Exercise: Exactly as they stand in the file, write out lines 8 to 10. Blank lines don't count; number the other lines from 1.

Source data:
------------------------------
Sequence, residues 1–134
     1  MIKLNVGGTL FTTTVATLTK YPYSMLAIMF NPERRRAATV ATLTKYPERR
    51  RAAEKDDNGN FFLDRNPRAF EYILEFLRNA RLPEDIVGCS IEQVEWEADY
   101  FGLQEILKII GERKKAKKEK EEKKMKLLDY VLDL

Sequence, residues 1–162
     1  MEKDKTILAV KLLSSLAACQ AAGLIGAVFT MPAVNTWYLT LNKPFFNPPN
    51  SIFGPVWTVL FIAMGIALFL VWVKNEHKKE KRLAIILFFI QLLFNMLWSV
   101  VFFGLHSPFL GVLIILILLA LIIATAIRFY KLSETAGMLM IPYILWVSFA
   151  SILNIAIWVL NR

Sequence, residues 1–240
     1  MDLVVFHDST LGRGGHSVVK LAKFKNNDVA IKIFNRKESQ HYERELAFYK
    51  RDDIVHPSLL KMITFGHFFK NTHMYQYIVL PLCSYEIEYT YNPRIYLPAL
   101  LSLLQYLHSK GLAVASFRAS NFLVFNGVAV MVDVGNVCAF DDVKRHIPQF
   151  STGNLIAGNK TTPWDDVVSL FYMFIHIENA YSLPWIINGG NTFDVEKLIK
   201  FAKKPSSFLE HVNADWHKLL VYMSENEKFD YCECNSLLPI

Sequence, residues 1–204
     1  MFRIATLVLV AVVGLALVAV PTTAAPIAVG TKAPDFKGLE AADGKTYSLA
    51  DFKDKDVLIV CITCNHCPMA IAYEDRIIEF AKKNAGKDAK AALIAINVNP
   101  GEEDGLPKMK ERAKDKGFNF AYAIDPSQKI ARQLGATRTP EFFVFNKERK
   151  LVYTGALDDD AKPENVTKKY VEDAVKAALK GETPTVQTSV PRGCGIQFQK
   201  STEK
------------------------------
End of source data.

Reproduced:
   101  VFFGLHSPFL GVLIILILLA LIIATAIRFY KLSETAGMLM IPYILWVSFA
   151  SILNIAIWVL NR

Sequence, residues 1–240